Sizing up the race for Best Comedy Series at the Emmys, "Modern Family" looks unbeatable. It never lost the category in the past, winning in 2010 and 2011, and now the experts overwhelmingly favor it to prevail again on Sept. 23.
Twelve of the 13 Emmy pundits polled by Gold Derby predict it will get the last laugh: Mo Ryan (HuffPost TV), Debra Birnbaum and Matt Roush (TV Guide Magazine), Maria Elena Fernandez (Newsweek Daily Beast), Elena Howe (L.A. Times), John Kubicek (Buddy TV), Daniel Manu (TelevisionWithoutPity), Rick Porter (Zap2It), Jill Serjeant (Reuters), Ken Tucker (Entertainment Weekly) and Paul Sheehan and myself (Gold Derby).
The one stubborn hold-out is Maggie Furlong (HuffPost TV), who's betting on "Girls."
Furlong may be right. While no one new TV series has emerged from the past season as the obvious alternative challenger to "Modern Family" -- a new program, that is, with universal critical acclaim, strong Nielsen ratings, snob appeal and zeitgeist cache – "Girls" came close. Most TV critics love it and everyone recognizes the genius of its whiz kid creator -- 26-year-old hyphenate Lena Dunham, who reaped Emmy noms for producing, acting, writing and directing. One of those bids is especially significant because, odd as it may seem, "Modern Family" wasn't nominated for best writing this year -- a category it won in 2010 and 2011. Can this mean that voter fatigue has set in and "Girls" can really stage an upset for the top Emmy?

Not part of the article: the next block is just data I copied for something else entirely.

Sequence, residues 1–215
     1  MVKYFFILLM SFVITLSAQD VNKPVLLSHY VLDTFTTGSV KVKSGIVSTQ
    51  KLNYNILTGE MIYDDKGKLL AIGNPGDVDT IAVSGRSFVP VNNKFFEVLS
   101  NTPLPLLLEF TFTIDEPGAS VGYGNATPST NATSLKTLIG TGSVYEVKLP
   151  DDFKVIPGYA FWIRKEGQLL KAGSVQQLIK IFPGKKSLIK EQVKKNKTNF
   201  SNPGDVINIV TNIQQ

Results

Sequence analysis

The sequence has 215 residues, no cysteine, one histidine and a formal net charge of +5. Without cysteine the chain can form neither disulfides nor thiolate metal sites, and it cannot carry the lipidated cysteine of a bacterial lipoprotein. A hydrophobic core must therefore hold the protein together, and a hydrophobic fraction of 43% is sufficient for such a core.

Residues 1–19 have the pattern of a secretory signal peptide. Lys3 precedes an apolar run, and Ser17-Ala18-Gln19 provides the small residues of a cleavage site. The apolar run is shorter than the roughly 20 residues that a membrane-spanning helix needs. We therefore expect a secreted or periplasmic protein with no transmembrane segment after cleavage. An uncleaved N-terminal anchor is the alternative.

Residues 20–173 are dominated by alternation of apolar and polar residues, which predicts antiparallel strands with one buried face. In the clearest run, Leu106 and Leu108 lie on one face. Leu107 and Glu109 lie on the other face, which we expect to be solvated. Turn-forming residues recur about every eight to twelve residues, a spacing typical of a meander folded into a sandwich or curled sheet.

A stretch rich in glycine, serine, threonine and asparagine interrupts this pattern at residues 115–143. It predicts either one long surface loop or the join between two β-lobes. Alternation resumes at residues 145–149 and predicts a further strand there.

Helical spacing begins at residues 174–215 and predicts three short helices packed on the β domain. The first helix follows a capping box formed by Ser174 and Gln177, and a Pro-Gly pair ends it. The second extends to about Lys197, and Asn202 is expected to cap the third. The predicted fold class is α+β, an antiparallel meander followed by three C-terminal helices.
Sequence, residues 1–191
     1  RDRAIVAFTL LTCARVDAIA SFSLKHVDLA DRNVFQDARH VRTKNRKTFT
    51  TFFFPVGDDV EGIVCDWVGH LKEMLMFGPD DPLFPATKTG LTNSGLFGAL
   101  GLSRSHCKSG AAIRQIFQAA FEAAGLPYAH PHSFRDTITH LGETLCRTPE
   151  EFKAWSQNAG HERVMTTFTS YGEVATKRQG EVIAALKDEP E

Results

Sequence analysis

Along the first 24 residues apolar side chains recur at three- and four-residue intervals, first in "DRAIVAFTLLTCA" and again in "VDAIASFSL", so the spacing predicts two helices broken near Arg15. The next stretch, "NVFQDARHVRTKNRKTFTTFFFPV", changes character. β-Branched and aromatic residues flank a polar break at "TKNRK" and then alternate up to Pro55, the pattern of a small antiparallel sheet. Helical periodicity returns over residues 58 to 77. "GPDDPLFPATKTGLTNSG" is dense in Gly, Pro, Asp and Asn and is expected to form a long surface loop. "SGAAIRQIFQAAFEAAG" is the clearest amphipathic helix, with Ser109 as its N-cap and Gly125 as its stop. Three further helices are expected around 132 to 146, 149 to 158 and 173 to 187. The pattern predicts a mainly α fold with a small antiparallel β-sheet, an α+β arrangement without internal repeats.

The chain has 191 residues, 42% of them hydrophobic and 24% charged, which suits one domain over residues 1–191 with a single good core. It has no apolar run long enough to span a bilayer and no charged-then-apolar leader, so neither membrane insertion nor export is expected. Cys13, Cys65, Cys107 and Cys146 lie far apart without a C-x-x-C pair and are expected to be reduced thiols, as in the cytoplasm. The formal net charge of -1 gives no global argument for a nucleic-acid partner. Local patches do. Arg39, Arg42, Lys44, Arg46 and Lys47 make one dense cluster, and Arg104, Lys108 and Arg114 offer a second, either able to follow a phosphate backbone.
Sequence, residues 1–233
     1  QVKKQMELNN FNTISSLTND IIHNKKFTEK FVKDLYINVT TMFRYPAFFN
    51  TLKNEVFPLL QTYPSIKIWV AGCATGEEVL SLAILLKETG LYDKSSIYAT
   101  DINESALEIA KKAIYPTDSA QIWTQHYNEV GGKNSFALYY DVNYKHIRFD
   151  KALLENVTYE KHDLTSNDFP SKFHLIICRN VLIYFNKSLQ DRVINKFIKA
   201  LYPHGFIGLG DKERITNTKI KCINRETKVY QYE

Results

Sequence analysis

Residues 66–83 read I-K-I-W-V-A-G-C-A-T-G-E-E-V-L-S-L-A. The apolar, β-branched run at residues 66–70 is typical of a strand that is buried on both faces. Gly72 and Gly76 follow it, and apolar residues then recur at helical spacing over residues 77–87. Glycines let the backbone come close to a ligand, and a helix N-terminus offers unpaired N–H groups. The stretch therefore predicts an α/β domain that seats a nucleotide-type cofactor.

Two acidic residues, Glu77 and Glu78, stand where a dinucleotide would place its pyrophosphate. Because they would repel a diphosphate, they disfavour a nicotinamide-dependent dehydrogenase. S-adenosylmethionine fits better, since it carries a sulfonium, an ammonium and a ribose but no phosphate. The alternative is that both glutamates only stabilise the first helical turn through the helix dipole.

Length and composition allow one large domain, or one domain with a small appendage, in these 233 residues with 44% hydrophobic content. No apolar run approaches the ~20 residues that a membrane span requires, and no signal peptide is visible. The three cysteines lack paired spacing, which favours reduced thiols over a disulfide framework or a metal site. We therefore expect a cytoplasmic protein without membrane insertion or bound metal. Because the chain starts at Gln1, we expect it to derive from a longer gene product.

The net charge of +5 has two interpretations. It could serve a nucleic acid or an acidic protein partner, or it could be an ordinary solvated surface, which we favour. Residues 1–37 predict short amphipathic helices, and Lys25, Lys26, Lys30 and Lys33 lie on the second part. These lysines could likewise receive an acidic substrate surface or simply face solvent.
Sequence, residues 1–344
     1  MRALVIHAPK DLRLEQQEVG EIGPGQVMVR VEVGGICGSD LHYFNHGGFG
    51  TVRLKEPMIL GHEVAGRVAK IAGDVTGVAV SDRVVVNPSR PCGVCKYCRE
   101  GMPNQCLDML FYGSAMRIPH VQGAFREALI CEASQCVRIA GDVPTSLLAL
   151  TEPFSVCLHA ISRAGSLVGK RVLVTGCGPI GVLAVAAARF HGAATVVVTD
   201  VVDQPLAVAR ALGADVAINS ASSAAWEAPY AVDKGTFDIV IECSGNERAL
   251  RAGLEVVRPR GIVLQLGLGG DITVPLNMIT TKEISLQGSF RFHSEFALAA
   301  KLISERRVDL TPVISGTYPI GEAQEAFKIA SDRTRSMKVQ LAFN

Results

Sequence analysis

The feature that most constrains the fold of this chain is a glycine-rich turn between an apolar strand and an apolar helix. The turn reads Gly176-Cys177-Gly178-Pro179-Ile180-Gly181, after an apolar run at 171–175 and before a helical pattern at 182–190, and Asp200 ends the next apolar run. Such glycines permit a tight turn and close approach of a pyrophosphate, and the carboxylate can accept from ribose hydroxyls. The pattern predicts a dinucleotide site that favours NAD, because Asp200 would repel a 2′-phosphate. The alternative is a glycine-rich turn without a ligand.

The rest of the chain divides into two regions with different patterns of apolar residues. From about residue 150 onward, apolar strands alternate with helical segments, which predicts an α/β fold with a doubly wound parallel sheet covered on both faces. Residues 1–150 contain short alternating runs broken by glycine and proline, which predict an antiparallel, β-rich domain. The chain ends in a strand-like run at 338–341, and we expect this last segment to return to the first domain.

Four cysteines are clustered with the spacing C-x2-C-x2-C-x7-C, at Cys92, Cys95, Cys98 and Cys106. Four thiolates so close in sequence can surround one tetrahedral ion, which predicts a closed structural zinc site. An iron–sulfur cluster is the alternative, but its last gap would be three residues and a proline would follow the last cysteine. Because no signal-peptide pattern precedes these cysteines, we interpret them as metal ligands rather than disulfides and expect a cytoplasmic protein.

"Girls" is the only nominee for Best Comedy that's in the writing category, but it's also a standout in another way: It's a clever update of "Sex and the City" (glam chicks still rule Manhattan, but they're seen through ugly duckling eyes), which won Best Comedy Series at the Emmys in 2001. However, let's recall that "Sex and the City" lost the first two times it was nominated. The reason perhaps: Most Emmy voters are men, and older chaps at that, who often take a while to warm up to female-focused TV fare.
If the Emmy geezers opt for female-focused TV this year, "Veep" may be more to their traditional tastes. Its demo skews older and it showcases Emmy icon Julia Louis-Dreyfus, who won for "Seinfeld" and "New Adventures of Old Christine." It helps that it's about presidential politics during an election year -- thus it feels especially urgent now -- and it's classy: like "The West Wing" (four-time winner of Best Drama Series) with laughs.
Having sufficient class is usually crucial to claiming a top series award. Emmy voters are shameless snobs. Reminder: the program that holds the record for winning the most Emmys in TV history was about two uppity brothers bickering over opera and vintage wine ("Frasier," 37 awards).
"Modern Family" has loads of elitist appeal. Its super-hip characters toss off snark with gusto while sashaying through stylish homes. TV viewership remains strong and TV critics have remained faithful too. Therefore, most award pundits feel that Emmy voters will probably remain loyal -- treating this category like a classic TV repeat. After all, "30 Rock" won three years in a row -- and "Frasier" bagged the prize five consecutive times.
A winner will be chosen by about 900 members of the TV academy who are divided into three teams that watch two sample episodes of each nominated show. Producers actually submit six episodes and distribute them randomly in three pairings to voters. Here's the list.